Monday, April 22, 2013

Metropolitan Ensemble "Pride's Crossing" review by BobEvans

MET play examines social issues of early 1900s Rating: 5

Pride's Crossing
Metropolitan Ensemble Theatre

Author Tina Howe's play, Pride's Crossing comes to life on the stage of the Metropolitan Ensemble Theater (MET) with stunning characterizations, strong acting, beautiful costumes, and a bit of non-standard gender bending thrown is as well.

The play, covers about 75 years of fictional swimmer Mabel Tidings Bigelow as she looks back over her life and loves. A summer lawn party in honor of the Fourth of July sets the plot in motion as a willful 90-year-old Mabel relives he past, including her weak relationship with distant parents, drastically different older brothers, and an unflinching desire to prove her worth by swimming the English Channel faster than any man or woman before her.

The play touches on the upper class society, anti-Semetic prejudices of the WASPish New England society, the role of women prior to the women's suffrage movement, dysfunctional family structure (long before that was a commonplace theme), alcoholism, fear, determination, and unresolved questions of opportunities passed. The lead character of Mabel confronts those issues and more as the play unfolds and her strength of character drive the play. At times the play hints at the lifestyle of The Great Gatsby era while at other points touches on turn of the century morals and codes of ethical behavior. What could be more simple than a garden party for Fourth of July and a croquet match?

Mabel, in this production, commands the stage in the talented hands of Celia Gannon. Gannon never seems to leave the stage for more than maybe two minutes at a time, and many times changes costumes and age on stage. Her skill to transform from young Mabel to elderly Mabel amazes viewers. Gannon's depth of characterization takes center stage and she controls most scenes with her stage presence and inter-active play amongst other cast members. While she remains constant as Mabel, the other cast members don other personas as they move in and out of Mabel's life through different stages of her life.

The show brings many laughs, created by the characters and they portray. Some of the more amusing moments come as the four men in the cast appear as women characters in dresses and wigs from the different time periods. Never, though, do the men become campy or burlesque-like in mannerisms. The men appear in black tie for one scene, as women in another, and in white, summer, ice-cream suits at other times. The audience never knows which character will appear next or what gender the men wear.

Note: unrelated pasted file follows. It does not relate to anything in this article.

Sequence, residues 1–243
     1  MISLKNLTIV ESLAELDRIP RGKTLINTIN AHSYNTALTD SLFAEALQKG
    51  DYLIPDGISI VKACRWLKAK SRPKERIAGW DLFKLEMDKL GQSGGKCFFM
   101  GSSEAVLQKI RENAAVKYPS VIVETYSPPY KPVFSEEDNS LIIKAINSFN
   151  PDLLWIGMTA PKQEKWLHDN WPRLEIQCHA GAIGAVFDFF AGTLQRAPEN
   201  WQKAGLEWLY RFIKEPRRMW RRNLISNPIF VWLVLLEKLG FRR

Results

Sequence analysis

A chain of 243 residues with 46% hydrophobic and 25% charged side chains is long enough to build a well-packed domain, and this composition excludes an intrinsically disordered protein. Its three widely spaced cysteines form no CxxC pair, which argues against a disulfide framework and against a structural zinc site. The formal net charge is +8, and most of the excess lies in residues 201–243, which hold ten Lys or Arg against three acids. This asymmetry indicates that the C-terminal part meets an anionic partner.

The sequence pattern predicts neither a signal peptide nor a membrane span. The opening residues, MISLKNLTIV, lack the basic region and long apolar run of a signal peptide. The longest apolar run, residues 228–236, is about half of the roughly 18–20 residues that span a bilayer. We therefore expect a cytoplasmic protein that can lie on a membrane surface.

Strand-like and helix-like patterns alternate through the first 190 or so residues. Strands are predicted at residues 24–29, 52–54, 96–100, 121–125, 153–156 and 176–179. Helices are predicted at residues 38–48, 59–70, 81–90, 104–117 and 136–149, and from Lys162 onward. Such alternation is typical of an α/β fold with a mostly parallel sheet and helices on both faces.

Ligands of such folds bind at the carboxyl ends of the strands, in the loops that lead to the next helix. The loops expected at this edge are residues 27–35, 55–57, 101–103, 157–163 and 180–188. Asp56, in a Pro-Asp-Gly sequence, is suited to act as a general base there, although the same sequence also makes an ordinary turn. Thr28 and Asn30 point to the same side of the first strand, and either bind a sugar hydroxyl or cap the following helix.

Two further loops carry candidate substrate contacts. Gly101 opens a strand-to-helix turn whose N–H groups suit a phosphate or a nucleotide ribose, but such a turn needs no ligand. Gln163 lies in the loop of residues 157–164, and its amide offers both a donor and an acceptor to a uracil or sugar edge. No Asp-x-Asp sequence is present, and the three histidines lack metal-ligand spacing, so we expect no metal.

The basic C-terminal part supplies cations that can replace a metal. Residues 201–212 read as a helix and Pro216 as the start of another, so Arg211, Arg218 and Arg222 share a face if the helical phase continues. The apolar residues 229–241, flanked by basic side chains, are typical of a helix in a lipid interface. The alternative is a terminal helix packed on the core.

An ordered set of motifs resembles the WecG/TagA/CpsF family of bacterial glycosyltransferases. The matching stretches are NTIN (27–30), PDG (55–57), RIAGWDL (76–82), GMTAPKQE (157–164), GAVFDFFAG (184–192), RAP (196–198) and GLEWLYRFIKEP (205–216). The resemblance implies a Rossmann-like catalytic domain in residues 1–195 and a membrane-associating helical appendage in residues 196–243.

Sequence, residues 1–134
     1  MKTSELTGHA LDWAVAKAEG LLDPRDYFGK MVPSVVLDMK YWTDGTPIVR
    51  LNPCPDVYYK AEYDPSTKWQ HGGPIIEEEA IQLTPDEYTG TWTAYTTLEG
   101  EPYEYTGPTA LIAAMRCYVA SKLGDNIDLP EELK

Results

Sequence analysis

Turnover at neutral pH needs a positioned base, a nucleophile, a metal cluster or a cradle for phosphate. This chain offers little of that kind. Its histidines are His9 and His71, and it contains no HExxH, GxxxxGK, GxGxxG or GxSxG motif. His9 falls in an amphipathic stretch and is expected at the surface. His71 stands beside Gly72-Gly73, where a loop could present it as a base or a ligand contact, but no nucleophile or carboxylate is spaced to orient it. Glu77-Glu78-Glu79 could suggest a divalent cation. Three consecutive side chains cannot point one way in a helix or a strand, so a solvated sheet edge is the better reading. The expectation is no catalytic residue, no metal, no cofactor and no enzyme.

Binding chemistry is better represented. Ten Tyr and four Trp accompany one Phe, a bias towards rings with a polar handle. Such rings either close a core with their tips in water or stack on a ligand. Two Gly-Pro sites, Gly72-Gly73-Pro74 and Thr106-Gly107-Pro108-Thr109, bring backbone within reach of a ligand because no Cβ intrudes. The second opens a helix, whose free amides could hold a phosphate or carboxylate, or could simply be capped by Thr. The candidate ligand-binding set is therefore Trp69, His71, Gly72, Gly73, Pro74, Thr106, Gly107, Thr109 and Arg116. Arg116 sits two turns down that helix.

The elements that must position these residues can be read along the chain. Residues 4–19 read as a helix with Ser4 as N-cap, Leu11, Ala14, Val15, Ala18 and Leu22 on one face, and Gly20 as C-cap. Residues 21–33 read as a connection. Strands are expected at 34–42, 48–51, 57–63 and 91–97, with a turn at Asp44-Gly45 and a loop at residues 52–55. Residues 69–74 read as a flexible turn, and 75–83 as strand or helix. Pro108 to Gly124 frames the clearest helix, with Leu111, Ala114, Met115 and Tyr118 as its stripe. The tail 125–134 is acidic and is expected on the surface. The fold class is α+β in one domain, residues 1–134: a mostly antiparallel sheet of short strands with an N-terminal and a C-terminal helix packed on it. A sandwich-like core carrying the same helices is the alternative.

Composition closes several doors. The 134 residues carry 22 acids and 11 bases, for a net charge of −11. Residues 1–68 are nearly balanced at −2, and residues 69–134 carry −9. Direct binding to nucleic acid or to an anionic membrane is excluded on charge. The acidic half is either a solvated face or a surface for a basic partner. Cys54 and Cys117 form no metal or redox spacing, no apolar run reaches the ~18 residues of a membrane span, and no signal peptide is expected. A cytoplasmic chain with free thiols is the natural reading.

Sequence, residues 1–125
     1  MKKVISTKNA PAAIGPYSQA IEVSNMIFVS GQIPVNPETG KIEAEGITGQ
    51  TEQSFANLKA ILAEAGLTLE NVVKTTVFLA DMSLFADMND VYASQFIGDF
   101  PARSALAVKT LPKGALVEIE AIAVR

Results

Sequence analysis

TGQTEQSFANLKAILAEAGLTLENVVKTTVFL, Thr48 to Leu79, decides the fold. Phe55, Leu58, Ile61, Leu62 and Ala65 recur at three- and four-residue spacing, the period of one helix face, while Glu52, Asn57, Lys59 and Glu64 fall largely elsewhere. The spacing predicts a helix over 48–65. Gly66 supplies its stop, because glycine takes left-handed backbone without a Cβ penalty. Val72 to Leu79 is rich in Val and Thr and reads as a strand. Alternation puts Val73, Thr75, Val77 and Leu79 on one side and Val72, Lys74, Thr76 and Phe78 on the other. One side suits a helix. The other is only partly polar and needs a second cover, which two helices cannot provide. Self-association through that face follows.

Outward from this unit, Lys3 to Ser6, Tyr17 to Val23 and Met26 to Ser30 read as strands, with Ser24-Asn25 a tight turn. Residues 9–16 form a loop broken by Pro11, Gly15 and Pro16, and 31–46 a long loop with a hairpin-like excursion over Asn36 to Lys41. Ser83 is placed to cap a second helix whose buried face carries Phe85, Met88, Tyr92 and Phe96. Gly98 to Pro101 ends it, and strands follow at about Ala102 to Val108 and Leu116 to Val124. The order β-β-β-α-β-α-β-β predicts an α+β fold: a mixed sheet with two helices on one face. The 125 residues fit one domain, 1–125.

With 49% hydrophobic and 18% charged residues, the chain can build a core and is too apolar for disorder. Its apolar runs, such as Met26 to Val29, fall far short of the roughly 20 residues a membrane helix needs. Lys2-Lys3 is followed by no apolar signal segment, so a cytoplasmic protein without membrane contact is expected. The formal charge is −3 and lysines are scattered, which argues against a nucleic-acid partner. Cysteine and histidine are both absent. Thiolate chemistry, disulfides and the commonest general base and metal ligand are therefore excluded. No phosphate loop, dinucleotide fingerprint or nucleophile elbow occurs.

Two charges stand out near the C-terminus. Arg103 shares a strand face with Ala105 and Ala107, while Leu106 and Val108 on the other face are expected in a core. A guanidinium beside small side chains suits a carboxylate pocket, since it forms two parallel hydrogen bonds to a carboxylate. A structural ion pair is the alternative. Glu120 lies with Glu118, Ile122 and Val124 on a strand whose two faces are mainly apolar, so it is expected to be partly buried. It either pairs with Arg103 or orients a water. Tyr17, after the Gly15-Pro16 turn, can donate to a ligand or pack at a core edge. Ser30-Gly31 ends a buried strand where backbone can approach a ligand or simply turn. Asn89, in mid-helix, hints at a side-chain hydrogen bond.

And as for the changes of costumes, designer, Shannon Smith Regnier dressed the characters in period pieces to perfection. Stand out pieces include the lawn gowns worn for a party scene and the white summer suits for several other scenes. Obvious attention to detail and the time frame show in all costumes.

Director Karen Paisley and Assistant Director, Tony Beasley selected an outstanding supporting cast comprised of four vastly talented men and three women to support Gannon. Even though all cast members are strong and balanced, the men steal the scenes when in female attire.

Depend on Alan Tilson's male and female counterparts to provide some of the best physical and facial gestures while delivering his lines with an understanding of each of the two characters he portrays. Similarly, Coleman Crenshaw's three characters display his vast talent to create several very different characters. Jordan Fox's three personas and Matt Leonard's four characters show the level of expertise of each actor. They delineate their characters with physical changes, dialogue, accents, drunkenness, and costumes. All four give amazing performances.

Playing off Mabel's strong and willful character, the three other women match her in each scene. Devon Barnes, Shelley Wyche and Ericka Lynette Baker all portray two characters, and all strong, willful women and refuse to let Mabel's character to overpower them on stage. Seasoned veterans, all, they fill their roles with beautiful movement and dialogue delivery. Most of their parts are smaller than the men, so their time on stage is limited. Time is limited, their talents are not.

Pride's Crossing opened April 12 and runs through April 28. Plan ahead to attend and pre-purchase tickets online to not risk a sell out.

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